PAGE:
EU Justice Commissioner Viviane Reding said Google's product policy privacy changes violated European data protection laws by failing to gain consumer consent.
Union's Justice Commissioner is certain Google's (NASDAQ:GOOG) new product
policy privacy changes violate European laws and was irked the search giant
executed the changes against the protestations of data protection authorities.
Justice Commissioner Viviane Reding told BBC Radio Four
that she believed
Google's changes violate European data laws by failing to consult consumers
making the changes, among other complaints.
comments came a few days after French data protection authority CNIL wrote a
letter to Google asking the company to halt the changes, which went into effect
March 1, because the new policies appear to break rules related to how Google
informs users it is using their personal data.
privacy rules from some 60 Web services, such as search, YouTube and Google
Maps, under one umbrella policy.
aims to treat users of those services who are signed into their Google accounts
as individual users, with services under the blanket policy sharing data with
each other. Google argued this would improve relevancy, and thus, quality of
service to users.
contend it's just another way for Google to create a better digital dossier on
users to bolster its online ad targeting. Either way, users can go along for
the ride, eschew the services covered under the blanket policy or access some
services while signed out of their Google account.
On the day the
policy went into effect, Reding said she would have preferred Google halt its
implementation until questions about the policy's compliance with EU data
protection rules have been resolved.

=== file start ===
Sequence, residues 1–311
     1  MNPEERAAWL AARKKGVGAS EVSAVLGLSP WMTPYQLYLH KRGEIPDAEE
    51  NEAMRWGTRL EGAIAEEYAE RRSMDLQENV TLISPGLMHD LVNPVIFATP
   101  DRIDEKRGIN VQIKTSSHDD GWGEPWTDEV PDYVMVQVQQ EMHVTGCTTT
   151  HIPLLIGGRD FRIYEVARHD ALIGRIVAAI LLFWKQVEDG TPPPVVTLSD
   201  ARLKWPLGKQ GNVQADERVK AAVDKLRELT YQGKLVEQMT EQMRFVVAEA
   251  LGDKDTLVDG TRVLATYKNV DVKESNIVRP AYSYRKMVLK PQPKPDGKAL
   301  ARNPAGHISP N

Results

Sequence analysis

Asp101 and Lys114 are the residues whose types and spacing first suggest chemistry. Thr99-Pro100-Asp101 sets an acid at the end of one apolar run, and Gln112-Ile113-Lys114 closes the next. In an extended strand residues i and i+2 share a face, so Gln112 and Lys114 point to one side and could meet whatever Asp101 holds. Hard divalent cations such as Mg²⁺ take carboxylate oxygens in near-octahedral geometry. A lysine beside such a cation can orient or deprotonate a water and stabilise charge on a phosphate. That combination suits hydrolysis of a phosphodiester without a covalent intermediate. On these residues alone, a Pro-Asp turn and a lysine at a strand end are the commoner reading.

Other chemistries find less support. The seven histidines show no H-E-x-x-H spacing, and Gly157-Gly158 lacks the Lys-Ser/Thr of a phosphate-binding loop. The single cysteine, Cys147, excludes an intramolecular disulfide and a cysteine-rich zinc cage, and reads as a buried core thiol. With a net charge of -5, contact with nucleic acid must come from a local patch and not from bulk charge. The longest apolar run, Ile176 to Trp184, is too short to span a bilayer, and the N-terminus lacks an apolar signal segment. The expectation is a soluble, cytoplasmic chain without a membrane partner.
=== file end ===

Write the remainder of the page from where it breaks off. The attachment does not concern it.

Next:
unfortunate that Google has gone ahead with the new policy before addressing
the French data protection authority's concerns," Reding told eWEEK
in a statement. "All
companies that offer services to European consumers must provide their
must be able to make informed decisions about using Internet-based
Global Privacy Counsel Peter Fleischer wrote in a letter
to CNIL, that
Google is "confident that our new simple, clear and transparent privacy
policy respects all European data protection laws and principles."
Europe is not
the only continent that is crying foul over Google's new policies.
president of the American Consumer Institute Center for Citizen Research, wrote
that "[Google's] abysmal track record on privacy
demonstrates why consumers, elected officials and privacy experts are appalled
by the change and by their continued indifference to privacy protections. ¦
Unfortunately, Google has proven time and again that if left alone, the company
cannot be trusted to be open and transparent with their customers."
Google critic Consumer Watchdog called Google's sweeping changes a "spy
move will help Google funnel data on users in one larger silo for targeted ads.
isn't telling you about protecting your privacy," said John M. Simpson,
Consumer Watchdog's privacy project director. "Google is telling you how
they will gather information about you on all its services, combine it in new
ways and use the fat new digital dossiers to sell more ads."
The chorus of
discontent extended to Congress. In February, U.S. Senators met with Google
Deputy General Counsel Mike Yang and Public Policy Director Pablo Chavez to
discuss the planned policy changes. The Senators believed Google's policy
changes would obscure pertinent information from users.
Last week, some
three-dozen state attorneys general wrote a letter
noting they were
concerned with Google's desire to have applications, such as Search, Gmail and
YouTube, share user data with each other.